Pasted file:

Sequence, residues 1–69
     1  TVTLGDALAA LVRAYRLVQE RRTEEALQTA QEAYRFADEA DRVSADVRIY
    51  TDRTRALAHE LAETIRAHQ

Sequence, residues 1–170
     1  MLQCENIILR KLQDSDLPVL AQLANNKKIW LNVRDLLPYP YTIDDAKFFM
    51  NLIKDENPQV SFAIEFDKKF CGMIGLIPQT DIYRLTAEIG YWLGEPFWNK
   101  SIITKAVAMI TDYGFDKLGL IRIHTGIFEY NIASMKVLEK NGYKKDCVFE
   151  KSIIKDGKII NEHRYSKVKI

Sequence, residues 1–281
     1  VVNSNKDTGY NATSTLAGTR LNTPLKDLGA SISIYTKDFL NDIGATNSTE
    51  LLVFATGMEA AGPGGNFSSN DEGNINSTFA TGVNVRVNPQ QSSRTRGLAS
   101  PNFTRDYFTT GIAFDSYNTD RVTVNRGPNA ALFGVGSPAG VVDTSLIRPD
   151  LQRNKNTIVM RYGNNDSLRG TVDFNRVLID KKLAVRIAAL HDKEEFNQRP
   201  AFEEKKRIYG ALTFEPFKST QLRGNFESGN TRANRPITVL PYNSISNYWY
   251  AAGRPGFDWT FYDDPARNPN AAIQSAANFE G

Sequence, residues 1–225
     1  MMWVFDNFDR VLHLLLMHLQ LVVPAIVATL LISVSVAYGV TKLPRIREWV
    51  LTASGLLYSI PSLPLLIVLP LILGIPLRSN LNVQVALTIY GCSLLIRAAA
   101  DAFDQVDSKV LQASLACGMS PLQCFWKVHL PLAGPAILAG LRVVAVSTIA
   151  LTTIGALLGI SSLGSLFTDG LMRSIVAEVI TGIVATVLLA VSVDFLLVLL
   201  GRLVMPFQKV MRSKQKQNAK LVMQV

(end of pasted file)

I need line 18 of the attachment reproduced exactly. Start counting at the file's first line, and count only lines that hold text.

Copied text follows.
    51  LTASGLLYSI PSLPLLIVLP LILGIPLRSN LNVQVALTIY GCSLLIRAAA